In my post last month, I touched on the fact that I was experimenting with omnichannel selling in 2015. If you’re not familiar, omnichannel selling is a fancy way of saying your products are available for purchase on multiple platforms. For me, this means my Bigcommerce store, Amazon, and, most recently, Facebook. []
As 2015 comes to a close, it is a good time for self-evaluation. Hopefully, you’ve met or exceeded your revenue goals, and come in under on the expense side. Regardless of where you landed, the time around Christmas and New Year’s Day is perfect for putting together a plan for the year ahead. []
I’m always fascinated when I read what apps people use on a regular basis in different industries. Here is my list. []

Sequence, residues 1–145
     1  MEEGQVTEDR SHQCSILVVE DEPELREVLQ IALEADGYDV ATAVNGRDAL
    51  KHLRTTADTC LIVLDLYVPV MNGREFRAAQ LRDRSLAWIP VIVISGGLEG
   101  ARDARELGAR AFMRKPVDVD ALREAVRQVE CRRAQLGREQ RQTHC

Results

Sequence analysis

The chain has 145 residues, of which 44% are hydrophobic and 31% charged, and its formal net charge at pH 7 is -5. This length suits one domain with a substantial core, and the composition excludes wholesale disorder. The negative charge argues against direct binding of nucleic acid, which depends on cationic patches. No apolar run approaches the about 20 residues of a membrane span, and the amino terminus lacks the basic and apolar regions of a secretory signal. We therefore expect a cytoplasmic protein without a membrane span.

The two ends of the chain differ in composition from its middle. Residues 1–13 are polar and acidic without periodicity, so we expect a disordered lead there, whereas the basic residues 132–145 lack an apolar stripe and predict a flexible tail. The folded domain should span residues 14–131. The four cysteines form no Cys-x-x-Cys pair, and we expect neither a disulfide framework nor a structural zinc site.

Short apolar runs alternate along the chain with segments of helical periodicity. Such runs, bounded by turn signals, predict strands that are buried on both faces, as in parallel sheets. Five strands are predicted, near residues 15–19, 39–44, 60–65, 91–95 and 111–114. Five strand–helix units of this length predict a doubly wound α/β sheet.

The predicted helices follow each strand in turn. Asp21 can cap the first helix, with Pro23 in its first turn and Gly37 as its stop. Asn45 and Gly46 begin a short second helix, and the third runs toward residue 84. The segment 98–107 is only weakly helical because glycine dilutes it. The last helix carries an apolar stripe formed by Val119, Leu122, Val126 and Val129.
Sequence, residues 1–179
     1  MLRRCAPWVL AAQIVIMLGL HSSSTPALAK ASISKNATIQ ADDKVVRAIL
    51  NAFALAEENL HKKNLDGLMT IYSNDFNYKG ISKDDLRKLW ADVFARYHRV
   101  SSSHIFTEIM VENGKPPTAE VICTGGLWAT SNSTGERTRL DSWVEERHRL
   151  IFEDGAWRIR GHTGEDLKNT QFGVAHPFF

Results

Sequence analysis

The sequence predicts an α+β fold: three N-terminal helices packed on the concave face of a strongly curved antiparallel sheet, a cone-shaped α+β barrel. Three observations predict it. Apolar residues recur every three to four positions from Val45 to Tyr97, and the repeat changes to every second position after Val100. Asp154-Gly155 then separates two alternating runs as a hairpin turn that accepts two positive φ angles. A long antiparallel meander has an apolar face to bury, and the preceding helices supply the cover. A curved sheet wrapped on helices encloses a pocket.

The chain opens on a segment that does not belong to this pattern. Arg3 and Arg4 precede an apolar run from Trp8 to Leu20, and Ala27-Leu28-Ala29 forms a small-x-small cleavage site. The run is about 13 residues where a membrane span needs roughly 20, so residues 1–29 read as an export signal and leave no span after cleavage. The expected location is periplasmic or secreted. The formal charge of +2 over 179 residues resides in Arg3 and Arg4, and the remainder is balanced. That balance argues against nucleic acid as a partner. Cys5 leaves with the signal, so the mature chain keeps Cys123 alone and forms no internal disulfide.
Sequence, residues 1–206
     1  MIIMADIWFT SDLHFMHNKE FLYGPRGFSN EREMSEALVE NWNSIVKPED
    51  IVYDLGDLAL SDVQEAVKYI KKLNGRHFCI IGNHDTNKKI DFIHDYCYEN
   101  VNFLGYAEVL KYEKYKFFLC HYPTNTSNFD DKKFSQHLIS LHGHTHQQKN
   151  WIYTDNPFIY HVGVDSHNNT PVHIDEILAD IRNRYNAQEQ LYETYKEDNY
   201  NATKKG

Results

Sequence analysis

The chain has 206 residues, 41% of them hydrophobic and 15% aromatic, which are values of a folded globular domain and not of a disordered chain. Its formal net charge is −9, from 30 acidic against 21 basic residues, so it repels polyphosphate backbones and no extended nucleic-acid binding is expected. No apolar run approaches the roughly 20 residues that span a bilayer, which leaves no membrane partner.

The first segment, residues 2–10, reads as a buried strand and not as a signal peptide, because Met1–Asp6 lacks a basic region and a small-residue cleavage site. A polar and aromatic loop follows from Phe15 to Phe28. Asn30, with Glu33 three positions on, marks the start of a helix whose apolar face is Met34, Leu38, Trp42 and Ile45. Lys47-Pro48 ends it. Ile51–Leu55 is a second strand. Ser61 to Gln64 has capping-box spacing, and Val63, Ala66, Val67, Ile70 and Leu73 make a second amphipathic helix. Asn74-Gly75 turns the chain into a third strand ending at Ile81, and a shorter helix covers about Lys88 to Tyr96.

My fall semester graduate friends have me feeling nostalgic. Here is a list of things I wish I knew before entering the real world. []
I’ve written about using third-party apps on my Bigcommerce store. But there are many apps that merchants can use regardless of their ecommerce platform. One of my favorites is Slack, which is a team communications app. You may be thinking, “I’m a team of one, why would I need a platform built for teams?” But don’t stop reading just yet. []
Over the past 6 years, I’ve had the honor of shifting and adapting our tech infrastructure at Stupid Cancer. With a nimble team, I’ve enjoyed quick deployments, and minimal consequences if things went awry. []
I’m lucky to work in a non-profit vertical that spans from the tiny side-project to the multi-million dollar behemoth fundraising machine. In a space where we’re all working towards the same goal, it’s interesting how organizations leverage technology to carry out their mission. []